What are data aggregators and how do they impact your financial institution?

Jul 17, 2020
Narmi Staff Contributor

Plaid, Envestnet Yodlee, and MX Technologies aren’t exactly household names. But because of their sheer reach, they are some of the most powerful data exchanges in the world. Recently, Plaid said that 1 in 4 people with a bank account in the United States had used Plaid. Data aggregators can bring enormous benefits to financial institutions but they also pose a host of security risks. The best way to solve this challenge is to choose a digital banking platform that uses APIs to ensure that customer information is secure.

What are data aggregators?

They are companies that facilitate data exchange. They connect fintech companies and other financial institutions to a consumer or business’ financial accounts, providing information the companies need to power their services. For example, the person-to-person payment service Venmo uses Plaid to connect with banks and credit unions to transfer funds. Betterfin uses Envestnet Yodlee to get access to cash flow data to facilitate small business loans. When a customer signs up for Venmo or Betterfin, they give those fintech companies access to their bank accounts using data aggregators. The customer typically does not even know Plaid or Yodlee is part of the transaction. 

How data aggregators benefit financial institutions

As fintech companies such as Venmo and Betterfin make widespread use of data aggregators, banks and credit unions can use them as well to make their customers’ financial lives easier. For example, Envestnet Yodlee, which serves 15 of the top 20 banks in the United States, can pull data from a variety of sources, including investments and credit cards outside the financial institution. Banks and credit unions can use that information to offer customers a complete view of their financial lives, not just of their bank or credit union accounts. 

The Spanish banking giant BBVA USA, for example, has a mobile app and online banking tool that allows customers to track spending using all their checking, savings and credit card accounts, inside and outside the bank. Customers can pre-set budget limits inside the tool and watch the colors change from green to yellow to red as they near or exceed their spending limits. The tool also allows customers to pay off debt and forecast cash flow.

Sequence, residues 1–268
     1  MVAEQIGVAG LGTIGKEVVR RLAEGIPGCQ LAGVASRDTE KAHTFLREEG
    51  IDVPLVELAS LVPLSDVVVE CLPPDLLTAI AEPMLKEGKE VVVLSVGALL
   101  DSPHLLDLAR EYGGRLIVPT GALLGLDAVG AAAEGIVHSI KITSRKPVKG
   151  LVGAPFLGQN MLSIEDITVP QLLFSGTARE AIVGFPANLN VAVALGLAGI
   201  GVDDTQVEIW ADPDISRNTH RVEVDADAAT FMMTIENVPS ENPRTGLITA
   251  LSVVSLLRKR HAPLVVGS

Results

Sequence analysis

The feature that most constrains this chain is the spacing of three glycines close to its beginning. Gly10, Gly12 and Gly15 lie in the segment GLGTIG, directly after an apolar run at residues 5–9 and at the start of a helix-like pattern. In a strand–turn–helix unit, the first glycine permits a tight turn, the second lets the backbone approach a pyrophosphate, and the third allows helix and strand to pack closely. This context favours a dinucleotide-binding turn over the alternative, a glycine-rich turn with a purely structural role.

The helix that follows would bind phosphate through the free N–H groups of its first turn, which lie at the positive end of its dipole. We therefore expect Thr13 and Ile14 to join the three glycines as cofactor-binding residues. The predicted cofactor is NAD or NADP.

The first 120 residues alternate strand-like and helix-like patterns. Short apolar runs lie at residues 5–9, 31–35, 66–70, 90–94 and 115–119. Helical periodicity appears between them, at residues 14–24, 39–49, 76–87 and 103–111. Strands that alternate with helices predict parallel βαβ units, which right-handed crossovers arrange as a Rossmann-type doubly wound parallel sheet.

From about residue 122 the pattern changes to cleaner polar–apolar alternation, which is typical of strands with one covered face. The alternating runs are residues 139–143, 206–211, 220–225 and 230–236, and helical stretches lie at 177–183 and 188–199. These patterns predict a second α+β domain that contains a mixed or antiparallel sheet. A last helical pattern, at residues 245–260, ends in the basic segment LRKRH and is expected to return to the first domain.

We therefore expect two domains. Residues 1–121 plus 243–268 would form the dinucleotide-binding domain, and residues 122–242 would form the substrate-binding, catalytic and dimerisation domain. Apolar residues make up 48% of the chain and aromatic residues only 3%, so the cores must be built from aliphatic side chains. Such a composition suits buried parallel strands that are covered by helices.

Financial institutions also can use data aggregators to sell products and services to customers. The aggregators can tell you which customers have an auto loan with a competitor or what interest rates customers pay on a competitor’s mortgage. Banks and credit unions can use that information to target customers for specific offers that will be attractive to them. 

Data aggregators are also used by financial institutions to ensure compliance with Bank Secrecy Act and know-your-customer regulatory requirements. Data aggregators can verify identities and retrieve names, phone numbers, addresses, and emails for account holders. Data aggregators are also used to autofill applications for customers, who then verify the accuracy of the autofill, speeding up new customer applications and onboarding. 

A secure answer to the data aggregator problem

Not all banks and credit unions are happy about the security implications of data aggregators. Security is arguably a financial institution’s most important service to its users. The problem is that some data aggregators historically have connected to a bank account using screen scraping, obtaining a customer’s login and password and using that to unlock the bank account. For many, this poses alarming concerns. Will the data aggregators sell the data they obtain or scrape much more than they need from a customer’s account? Will they store that information and then lose it in a cyberattack? The bank PNC blocked Venmo recently over the issue of screen scraping.

To answer such concerns, the industry is moving toward using APIs, application programming interfaces. An API is the gold standard for connection with outside firms. APIs are more secure than screen scraping because they allow bank and credit union customers to use third-party applications without giving up their passwords and credentials. APIs also help limit the scope of data the aggregators get. The largest bank in the nation, JPMorgan Chase & Co., requires Plaid and other data aggregators to connect securely to the bank using APIs. It’s expensive and time-consuming to develop APIs in-house. Digital banking providers can develop secure APIs for banks and credit unions so they don’t have to find the staff and time to do so. Financial institutions need to make sure their digital banking providers offer an easy-to-use API solution to power the revolution in banking services. 

With secure and accessible APIs, banks and credit unions can leverage the benefits of aggregating data without compromising the protection of customers, resulting in superior digital platforms that are safe to use.

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What are data aggregators and how do they impact your financial institution?